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Astrophsyics

PCOS Science Goals

Expand our knowledge of dark energy

The discovery that the expansion of space is accelerating presents one of the most important scientific problems of our time. The implication that the universe is dominated by an unknown entity, now called "dark energy," that counters the attractive force of gravity, may revolutionize our understanding of cosmology and fundamental physics. Although observations with ground-based and orbital assets—including HST, Chandra, and WMAP—have confirmed the acceleration, we know very little about the most basic properties of dark energy. There is currently no theory based on known physics that can quantitatively explain dark energy. Quantum physics over-predicts the amount of observed dark energy by a factor of 10120. Empirical observations are critical to distinguishing whether dark energy is consistent with Einstein's Cosmological Constant, whether it is due to a dynamic quintessence field that changes over space and time, or whether it is simply a failure of Einstein's General theory of Relativity at cosmic scales. Because it seems to control the expansion of the Universe, we cannot predict the fate of the Universe—Will the Universe last forever?—without understanding the physical nature of dark energy.



PCOS News

Program News and Announcements

7 November 2019
NASA HQ has announced that all GO & GI programs will be converting to dual-anonymous peer review over the next year. »  Details
30 October 2019
The deadline to submit abstracts to give a lightning talk at the Jan AAS PCOS & PhysPAG session on a revolutionary multimessenger / multimission astrophysics discovery that involves at least one NASA mission is extended to Wed 27 Nov 2019.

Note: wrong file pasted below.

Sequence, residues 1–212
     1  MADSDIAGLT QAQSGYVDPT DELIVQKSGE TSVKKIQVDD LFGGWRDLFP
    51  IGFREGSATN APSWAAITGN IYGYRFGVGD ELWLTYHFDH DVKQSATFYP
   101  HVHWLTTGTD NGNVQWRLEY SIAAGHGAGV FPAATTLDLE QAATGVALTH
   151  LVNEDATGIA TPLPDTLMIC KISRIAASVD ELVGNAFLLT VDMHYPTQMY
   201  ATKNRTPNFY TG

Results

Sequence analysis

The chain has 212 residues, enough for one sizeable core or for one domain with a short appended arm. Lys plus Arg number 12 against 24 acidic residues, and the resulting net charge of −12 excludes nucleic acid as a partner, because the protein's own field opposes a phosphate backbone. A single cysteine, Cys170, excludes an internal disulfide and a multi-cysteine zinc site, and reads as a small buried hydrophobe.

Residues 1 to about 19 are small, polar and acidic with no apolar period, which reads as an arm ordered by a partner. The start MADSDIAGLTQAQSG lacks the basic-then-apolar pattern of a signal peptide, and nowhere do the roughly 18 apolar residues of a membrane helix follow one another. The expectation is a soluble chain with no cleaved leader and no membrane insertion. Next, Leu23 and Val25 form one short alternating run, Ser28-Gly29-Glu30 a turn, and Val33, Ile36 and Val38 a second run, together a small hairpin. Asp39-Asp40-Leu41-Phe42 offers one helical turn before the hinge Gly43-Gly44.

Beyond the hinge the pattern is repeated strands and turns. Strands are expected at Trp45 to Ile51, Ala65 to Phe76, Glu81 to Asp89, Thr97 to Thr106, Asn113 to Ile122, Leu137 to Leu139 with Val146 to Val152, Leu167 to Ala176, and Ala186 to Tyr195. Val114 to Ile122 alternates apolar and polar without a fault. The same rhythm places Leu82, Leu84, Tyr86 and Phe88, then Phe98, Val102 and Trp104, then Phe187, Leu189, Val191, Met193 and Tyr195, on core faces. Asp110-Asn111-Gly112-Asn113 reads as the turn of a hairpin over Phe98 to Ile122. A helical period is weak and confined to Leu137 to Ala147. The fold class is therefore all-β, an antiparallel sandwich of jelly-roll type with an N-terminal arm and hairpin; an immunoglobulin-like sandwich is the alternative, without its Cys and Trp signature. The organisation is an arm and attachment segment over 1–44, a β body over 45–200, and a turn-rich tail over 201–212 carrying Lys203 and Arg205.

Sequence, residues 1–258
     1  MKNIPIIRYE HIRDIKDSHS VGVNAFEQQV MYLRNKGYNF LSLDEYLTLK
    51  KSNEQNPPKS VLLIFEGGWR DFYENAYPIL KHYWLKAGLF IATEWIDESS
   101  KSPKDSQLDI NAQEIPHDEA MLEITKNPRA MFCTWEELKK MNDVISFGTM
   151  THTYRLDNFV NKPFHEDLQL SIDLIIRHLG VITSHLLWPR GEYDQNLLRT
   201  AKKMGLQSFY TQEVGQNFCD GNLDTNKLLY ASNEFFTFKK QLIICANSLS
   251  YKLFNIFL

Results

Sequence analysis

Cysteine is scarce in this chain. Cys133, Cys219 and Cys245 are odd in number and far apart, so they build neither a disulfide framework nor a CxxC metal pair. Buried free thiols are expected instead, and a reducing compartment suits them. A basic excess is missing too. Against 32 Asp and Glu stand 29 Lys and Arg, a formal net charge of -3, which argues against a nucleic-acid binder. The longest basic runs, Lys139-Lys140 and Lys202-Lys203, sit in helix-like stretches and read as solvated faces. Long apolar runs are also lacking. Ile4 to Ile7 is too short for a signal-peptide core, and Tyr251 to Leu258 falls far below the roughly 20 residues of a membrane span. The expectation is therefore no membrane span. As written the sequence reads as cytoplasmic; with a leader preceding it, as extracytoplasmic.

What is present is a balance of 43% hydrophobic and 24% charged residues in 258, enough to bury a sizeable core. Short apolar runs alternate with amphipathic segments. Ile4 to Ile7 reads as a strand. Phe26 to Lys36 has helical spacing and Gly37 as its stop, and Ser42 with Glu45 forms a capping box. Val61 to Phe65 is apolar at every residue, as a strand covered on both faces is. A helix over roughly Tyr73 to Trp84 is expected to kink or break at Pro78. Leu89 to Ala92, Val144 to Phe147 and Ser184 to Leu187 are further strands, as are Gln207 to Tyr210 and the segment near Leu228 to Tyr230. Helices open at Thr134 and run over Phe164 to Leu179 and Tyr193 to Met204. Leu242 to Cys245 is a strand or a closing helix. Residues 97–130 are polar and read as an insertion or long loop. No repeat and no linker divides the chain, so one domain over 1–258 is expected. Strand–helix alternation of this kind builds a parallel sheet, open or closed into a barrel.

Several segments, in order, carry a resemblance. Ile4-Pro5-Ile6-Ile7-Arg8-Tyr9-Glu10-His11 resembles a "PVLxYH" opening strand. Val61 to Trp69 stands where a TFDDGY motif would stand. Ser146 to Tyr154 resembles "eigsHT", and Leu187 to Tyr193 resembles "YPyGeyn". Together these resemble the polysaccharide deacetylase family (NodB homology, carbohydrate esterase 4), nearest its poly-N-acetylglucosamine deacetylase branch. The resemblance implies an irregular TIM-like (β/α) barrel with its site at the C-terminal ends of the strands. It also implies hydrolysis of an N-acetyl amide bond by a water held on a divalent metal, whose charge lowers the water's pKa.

7 October 2019
The deadline for Call for Nominations to Augment the NASA LISA Study Team has been extended to 11 Oct 2019. »  Details
30 September 2019
The application deadline for "The PI Launchpad: From Science Idea to NASA Mission" is extended to 15 Oct 2019. NASA Headquarters Science Mission Directorate (the level up from NASA Astrophysics Division) is co-organizing the Nov 18–20 workshop in Tuscon, AZ, in the interests of broadening the pool of potential NASA PIs. »  Details
19 September 2019
The PhysPAG EC nomination deadline, including self-nominations, is extended to Monday 30 Sept 2019. We welcome self nominations and particularly encourage people of diverse backgrounds and viewpoints. Useful skills include good communication, a desire and ability to facilitate community organization and collaborative conclusions, and a broad perspective. See the announcement letter with instructions for nominating
13 September 2019
Submit your abstract today to give a 5min lightning talk on a revolutionary multimessenger / multimission astrophysics discovery that involves at least one NASA mission at the Jan AAS PCOS & PhysPAG session! Abstracts due by 31 Oct 2019.

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Links

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  • NASA Official: Phil Newman
  • Web Curator: Pat Tyler
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